Human cells were found to have a biphasic response to high g force enucleation in the presence of cytochalasin B (CB). At higher g forces, enucleation is exquisitely CB dependent. At lower g forces, enucleation becomes independent of the concentration of CB and highly dependent upon temperature. Because of the ability to manipulate this part of the response with temperature, glutaraldehyde and amphoterocin B, it is suggested that at lower g forces the rigidity of the cell membrane becomes limiting for enucleation. Cells that are sensitive to enucleation at 1g would thus be sensitive because of a difference in the physical characteristics of their membranes, rather than a different sensitivity of their receptors to CB itself. The processes involved in enucleation were found to exhibit multi-hit kinetics, and were not specific for the nucleus. A model based on the ability of CB to disrupt a subplas-malemmal network of microfilaments is presented to explain these observations.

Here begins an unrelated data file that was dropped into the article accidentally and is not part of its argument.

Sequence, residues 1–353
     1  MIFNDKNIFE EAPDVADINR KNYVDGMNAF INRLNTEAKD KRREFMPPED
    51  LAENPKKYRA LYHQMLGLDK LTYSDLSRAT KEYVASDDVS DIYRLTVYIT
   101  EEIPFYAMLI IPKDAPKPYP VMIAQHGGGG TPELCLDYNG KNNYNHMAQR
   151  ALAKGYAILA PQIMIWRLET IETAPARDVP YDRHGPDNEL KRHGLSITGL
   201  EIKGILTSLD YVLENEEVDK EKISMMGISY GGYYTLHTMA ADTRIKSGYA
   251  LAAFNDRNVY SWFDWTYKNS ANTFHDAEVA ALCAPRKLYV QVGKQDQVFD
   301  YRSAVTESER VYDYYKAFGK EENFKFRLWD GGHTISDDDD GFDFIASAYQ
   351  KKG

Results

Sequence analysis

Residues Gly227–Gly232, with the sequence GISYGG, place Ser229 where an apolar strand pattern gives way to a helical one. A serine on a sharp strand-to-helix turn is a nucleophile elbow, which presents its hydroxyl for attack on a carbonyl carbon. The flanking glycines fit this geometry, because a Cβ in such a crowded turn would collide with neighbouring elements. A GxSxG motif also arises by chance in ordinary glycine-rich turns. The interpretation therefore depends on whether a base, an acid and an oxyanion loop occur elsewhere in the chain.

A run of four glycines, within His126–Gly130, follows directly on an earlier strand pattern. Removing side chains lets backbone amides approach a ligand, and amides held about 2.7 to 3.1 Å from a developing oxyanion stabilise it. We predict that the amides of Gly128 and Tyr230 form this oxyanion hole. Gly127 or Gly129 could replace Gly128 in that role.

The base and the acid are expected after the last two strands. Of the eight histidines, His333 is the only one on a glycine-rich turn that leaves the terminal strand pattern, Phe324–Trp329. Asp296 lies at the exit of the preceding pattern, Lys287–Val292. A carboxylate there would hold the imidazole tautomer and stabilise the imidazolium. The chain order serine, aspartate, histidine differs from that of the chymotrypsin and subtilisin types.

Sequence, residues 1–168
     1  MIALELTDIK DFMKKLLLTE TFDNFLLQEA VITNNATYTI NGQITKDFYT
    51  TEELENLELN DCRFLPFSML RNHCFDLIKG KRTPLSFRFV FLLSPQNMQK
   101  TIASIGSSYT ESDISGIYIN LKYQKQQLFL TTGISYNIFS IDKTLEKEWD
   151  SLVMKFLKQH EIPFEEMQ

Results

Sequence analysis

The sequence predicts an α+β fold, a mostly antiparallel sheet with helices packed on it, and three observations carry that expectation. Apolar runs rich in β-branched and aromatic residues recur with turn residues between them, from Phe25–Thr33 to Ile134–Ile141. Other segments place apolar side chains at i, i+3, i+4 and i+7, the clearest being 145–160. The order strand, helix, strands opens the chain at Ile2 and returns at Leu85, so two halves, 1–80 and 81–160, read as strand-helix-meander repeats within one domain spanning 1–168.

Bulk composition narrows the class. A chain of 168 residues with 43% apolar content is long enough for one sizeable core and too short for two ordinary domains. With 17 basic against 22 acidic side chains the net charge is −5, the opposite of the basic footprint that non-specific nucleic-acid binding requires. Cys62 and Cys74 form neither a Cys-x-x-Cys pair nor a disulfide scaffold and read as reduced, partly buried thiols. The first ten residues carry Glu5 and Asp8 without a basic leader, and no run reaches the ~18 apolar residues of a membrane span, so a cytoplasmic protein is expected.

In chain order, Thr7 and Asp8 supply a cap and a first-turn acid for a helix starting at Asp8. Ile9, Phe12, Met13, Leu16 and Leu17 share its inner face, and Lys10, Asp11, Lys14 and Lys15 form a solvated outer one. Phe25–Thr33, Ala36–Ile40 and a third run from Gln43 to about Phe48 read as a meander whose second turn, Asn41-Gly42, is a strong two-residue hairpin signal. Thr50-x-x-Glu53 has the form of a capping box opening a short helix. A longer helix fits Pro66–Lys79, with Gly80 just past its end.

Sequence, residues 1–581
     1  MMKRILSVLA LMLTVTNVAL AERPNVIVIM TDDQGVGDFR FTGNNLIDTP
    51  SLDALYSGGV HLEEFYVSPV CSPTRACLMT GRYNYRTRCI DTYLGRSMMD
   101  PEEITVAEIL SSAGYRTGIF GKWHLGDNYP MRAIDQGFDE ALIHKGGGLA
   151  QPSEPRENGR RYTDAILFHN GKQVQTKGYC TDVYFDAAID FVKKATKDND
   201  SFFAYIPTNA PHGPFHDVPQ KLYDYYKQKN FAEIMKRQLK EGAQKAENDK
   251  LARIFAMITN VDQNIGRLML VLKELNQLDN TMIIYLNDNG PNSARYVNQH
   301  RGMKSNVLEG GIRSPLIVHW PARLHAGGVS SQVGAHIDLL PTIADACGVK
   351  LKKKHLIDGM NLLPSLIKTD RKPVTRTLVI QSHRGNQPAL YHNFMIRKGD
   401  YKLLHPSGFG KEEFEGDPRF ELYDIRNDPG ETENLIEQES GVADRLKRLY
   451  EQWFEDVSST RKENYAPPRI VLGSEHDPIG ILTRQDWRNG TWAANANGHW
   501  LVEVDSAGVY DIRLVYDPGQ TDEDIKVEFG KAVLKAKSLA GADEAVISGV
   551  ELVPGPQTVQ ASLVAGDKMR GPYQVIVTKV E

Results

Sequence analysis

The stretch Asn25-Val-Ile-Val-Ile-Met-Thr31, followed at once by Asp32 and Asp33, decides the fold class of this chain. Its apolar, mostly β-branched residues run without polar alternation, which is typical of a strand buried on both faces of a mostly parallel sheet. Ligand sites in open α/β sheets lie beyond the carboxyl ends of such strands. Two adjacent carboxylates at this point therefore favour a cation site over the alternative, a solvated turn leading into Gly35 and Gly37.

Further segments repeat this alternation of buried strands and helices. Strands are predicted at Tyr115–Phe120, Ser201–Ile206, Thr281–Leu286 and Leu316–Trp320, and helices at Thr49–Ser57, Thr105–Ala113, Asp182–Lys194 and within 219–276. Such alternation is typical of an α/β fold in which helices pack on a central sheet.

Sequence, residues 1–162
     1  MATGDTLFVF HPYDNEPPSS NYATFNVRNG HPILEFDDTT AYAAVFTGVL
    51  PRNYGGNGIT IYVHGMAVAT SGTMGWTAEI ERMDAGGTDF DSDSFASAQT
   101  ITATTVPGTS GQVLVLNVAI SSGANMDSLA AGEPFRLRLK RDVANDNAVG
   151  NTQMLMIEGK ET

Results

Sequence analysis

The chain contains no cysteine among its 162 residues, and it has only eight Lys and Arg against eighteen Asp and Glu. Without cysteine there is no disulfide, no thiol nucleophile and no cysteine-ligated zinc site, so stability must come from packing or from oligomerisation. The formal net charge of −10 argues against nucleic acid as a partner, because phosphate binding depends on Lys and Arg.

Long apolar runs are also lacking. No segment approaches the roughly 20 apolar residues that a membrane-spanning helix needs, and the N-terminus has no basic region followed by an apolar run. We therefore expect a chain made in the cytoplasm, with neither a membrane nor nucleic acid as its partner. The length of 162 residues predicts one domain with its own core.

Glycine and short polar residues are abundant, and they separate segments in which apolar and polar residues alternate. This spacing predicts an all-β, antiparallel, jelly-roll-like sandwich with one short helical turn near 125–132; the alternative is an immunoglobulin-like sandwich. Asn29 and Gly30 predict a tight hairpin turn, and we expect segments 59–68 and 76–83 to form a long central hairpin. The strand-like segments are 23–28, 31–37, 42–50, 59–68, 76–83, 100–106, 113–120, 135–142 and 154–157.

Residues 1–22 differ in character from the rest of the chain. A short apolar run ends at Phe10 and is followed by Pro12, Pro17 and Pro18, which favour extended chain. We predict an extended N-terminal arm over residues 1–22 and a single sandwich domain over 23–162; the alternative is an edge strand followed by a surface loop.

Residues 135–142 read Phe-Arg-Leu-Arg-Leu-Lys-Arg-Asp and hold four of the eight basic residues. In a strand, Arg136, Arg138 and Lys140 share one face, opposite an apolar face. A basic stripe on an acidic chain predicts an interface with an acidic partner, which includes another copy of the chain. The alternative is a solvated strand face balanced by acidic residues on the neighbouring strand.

|Original language||English (US)|
|Number of pages||6|
|Journal||Proceedings of the Society for Experimental Biology and Medicine|
|State||Published - Nov 1973|
ASJC Scopus subject areas
- Biochemistry, Genetics and Molecular Biology(all)